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Cumulative Preferred Stock: Definition & Advantage

Instructor: Deborah Schell

Deborah teaches college Accounting and has a master's degree in Educational Technology and holds certifications as a CIA, CISA, CFSA, and CPA, CA.

When you invest in a company, you could choose to buy common stock or preferred stock. In this lesson, you will learn about cumulative preferred stock.

Common Stock vs. Preferred Stock

Let's meet Chelsea, who recently inherited a small amount of money from her grandmother. A friend told her about a profitable local company, Harry's Hardware Hut, that has cumulative preferred stock. Chelsea doesn't know much about investing and isn't sure what this type of stock is and what its advantages might be for her. Let's see if we can help Chelsea with this problem.

When you buy an ownership interest in a company, you can purchase common stock or preferred stock. If Chelsea were to buy common stock in Harry's Hardware Hut, she could vote for the company's board of directors, and she could receive dividends or a distribution of the company's profits in proportion to the number of shares that she owns, although the company is not obligated to make dividend payments on a regular basis. If the company were to go bankrupt, she would be at the bottom of the list to recover any portion of her investment.

If Chelsea were to buy preferred stock, she would not have the ability to vote for the board of directors since preferred stock does not have voting rights, but she would be higher up the list to recover a portion of her investment if the company were to go bankrupt. Chelsea would also have the right to receive dividends on a regular basis, and she would receive these dividends before the company pays any dividends to common stock owners.

What Is Cumulative Preferred Stock?

There are two types of preferred stock: cumulative and non-cumulative. A company with cumulative preferred stock must pay all outstanding dividends or dividends in arrears before it can pay any dividends to owners of common stock. If a company is unable to pay its preferred dividends in a given year, they are carried forward into future years until the company has enough profit to pay them.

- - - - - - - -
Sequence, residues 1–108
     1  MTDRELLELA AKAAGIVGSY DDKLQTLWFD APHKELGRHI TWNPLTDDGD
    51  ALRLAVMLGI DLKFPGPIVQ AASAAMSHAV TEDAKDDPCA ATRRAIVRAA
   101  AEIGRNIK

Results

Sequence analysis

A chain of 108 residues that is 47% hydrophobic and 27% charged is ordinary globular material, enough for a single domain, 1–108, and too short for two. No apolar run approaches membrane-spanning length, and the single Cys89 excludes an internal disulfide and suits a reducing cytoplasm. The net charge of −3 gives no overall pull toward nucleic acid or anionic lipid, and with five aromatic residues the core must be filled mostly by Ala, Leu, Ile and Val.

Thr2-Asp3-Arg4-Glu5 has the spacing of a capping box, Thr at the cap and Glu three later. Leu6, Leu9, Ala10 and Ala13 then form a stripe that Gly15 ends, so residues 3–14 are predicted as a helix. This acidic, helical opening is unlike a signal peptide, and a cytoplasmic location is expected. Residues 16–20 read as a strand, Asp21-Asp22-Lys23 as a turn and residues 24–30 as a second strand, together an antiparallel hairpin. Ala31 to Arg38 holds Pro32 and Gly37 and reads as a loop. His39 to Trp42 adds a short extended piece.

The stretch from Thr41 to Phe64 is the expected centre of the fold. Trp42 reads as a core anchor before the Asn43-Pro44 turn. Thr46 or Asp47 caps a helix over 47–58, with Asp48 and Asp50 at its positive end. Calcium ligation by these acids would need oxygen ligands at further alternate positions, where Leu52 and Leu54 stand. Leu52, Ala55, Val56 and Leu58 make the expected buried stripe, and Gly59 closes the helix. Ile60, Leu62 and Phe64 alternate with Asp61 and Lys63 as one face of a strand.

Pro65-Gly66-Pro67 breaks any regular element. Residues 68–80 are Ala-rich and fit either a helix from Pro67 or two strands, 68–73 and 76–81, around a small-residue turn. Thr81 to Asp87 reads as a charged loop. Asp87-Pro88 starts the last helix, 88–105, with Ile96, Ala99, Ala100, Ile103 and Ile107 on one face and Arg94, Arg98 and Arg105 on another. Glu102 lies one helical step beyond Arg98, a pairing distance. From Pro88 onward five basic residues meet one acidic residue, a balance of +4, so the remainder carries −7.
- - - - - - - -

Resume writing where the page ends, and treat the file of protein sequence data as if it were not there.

Let's assume that Harry's Hardware Hut has common stock and cumulative preferred stock, and it has $20,000 available to pay dividends this year. Harry's Hardware Hut has 10,000 cumulative preferred shares, and its dividend rate is $1.50 per share. Since Harry's must pay its cumulative preferred dividends first, it would pay its preferred shareholders $15,000 (10,000 shares x $1.50 per share), which would leave $5,000 ($20,000 - $15,000) for common shareholders.

Let's assume the situation was different, and Harry's Hardware Hut had a difficult year and was unable to pay the dividend to its 10,000 preferred shareholders, including Chelsea. It would carry the $15,000 dividend in arrears forward to a future year when it had the money to pay the outstanding dividends.

Let's assume that Harry was able to turn his business around, and he made a profit the following year and declared a dividend of $40,000. Harry would have to pay Chelsea and the rest of his preferred shareholders the dividends in arrears first before it could pay any dividends to the common shareholders. Therefore, Harry would pay $30,000 to his preferred shareholders ($15,000 from the previous year in arrears + $15,000 from the current year), which would leave $10,000 ($40,000 - $15,000 - $15,000) available to pay his common shareholders.

What Is Non-Cumulative Preferred Stock?

Non-cumulative preferred stock still doesn't have voting rights attached to it, but owners of this type of preferred stock would lose any dividend that the company was unable to pay in a particular year. Let's assume that Harry's Hardware Hut had non-cumulative preferred stock consisting of 10,000 shares with a dividend rate of $1.50 per share. Every year, Harry's preferred shareholders should receive $15,000 (10,000 shares x $1.50 per share), but if Harry doesn't have the money to pay the dividend, owners such as Chelsea would receive no dividend and the company would not carry the outstanding amount forward to a future year. Chelsea and the other shareholders would lose the dividend.

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